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Excel De-Duplication - Option 2
03 March 2015

If the last post explaining the basic Excel Remove Duplicates features doesn't actually do what you want then try using the Pivot Tables. For those who have not discovered the very powerful tool yet is simply takes a set of data list, say, purchase that may include lots of duplicates and near duplicates, and creates a table out of the data.

For example the data sheet shown below has a line for each purchase from our fictitious shop and puts the email address against each. Now some people have bought more than one item and some people have bought the same thing twice.

We can use a Pivot Table (found on the Insert Ribbon) to give us a list of unique email addresses (one line for each). First add a new sheet and then, with the cursor in the A1 cell, hit the Pivot Table icon on the Insert Ribbon.

All you need to do is hit the icon to the right of the Table/Range: cell and go to the sheet where the raw data sits

Mark out the columns you want to report on. If you just wanted a list of unique email address it would be just column A, if you want to show the total number of orders for each email address it would be A and B. If you need a table showing how much each address has been worth then it is columns A to D. Note you select the whole column and not just the range of the data down to the rows. Once done hit the icon with the red arrow to return to the pop-up window and then hit OK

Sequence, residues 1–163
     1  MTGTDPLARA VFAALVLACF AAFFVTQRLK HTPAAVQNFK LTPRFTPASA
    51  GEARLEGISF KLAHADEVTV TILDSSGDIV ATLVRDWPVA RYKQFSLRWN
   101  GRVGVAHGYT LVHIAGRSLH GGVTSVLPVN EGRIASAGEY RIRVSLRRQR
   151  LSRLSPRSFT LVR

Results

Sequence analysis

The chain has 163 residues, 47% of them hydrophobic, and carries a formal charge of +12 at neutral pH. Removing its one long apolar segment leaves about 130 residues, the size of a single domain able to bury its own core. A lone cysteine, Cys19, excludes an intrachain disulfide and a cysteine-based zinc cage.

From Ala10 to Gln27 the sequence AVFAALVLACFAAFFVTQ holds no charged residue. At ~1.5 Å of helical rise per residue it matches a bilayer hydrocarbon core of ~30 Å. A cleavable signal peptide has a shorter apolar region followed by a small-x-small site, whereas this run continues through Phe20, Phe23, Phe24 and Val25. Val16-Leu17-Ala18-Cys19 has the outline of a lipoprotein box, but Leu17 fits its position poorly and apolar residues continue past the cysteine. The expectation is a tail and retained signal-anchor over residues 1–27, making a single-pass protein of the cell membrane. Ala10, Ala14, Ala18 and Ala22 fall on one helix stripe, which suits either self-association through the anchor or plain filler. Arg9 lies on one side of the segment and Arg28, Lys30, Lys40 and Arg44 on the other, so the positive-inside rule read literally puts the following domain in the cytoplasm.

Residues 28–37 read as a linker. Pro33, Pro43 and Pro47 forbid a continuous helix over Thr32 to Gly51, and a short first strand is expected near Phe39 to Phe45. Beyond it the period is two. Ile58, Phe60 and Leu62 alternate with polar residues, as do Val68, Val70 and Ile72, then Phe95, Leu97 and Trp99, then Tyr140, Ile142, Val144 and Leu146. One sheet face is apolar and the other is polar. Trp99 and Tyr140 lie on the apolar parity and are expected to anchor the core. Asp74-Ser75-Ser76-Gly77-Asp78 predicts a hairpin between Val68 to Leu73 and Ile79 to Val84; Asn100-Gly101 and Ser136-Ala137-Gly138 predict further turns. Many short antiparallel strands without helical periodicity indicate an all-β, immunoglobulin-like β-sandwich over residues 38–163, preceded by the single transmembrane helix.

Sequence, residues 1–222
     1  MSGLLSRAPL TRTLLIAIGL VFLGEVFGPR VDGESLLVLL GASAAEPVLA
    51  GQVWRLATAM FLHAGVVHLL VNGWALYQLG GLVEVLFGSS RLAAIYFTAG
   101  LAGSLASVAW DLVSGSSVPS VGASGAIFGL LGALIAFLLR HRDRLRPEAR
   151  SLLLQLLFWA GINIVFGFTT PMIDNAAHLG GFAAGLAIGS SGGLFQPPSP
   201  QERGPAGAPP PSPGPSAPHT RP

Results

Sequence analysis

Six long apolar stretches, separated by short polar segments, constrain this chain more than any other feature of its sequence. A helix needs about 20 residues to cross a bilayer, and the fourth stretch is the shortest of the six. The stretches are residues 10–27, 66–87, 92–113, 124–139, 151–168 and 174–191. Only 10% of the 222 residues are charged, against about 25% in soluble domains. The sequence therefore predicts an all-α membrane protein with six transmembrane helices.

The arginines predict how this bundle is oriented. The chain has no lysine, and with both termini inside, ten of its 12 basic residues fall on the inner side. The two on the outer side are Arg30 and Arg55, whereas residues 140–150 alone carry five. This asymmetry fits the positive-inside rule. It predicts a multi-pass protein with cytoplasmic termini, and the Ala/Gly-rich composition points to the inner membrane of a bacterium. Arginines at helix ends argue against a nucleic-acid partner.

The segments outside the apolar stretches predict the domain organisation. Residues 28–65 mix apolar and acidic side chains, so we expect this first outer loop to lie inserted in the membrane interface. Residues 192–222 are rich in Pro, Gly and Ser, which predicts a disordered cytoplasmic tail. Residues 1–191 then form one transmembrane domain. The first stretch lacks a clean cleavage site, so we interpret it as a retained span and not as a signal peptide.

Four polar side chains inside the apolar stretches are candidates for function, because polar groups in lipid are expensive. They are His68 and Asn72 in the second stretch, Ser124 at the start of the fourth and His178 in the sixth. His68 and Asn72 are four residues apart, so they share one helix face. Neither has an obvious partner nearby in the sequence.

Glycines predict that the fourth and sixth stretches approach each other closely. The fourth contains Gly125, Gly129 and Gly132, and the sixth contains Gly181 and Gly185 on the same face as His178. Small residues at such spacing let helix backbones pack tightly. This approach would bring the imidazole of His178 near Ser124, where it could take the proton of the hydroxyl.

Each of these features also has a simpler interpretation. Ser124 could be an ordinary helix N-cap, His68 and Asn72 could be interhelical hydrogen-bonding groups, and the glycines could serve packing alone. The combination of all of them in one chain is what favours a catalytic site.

The system shows you where the data will go on the left hand side and gives you a right hand tool bar to manage the data. In this simple case we want to click on the Email entry at the top of the tool bar and drag it to the lower left hand square at the bottom labelled "Row Labels". The system pops the list of email addresses in. If you wanted to see the total number of items ordered you can drag the Item data element to the Column Labels square or down to the Values square. Try each ad see the difference.

Keeping it simple, we have a list of unique email addresses. If you just copy this entire sheet and then use Paste Special - selecting Past Values - you will have a list that you can use for other things. If you save this file we will use it again in another blog exploring how you can merge data from two sheets together. Failing that the link below will download the example file used in the images above.

Example Excel Data File - 2007 (this file is 1MB)
Example Excel Data File - 2003 (this file is 3MB)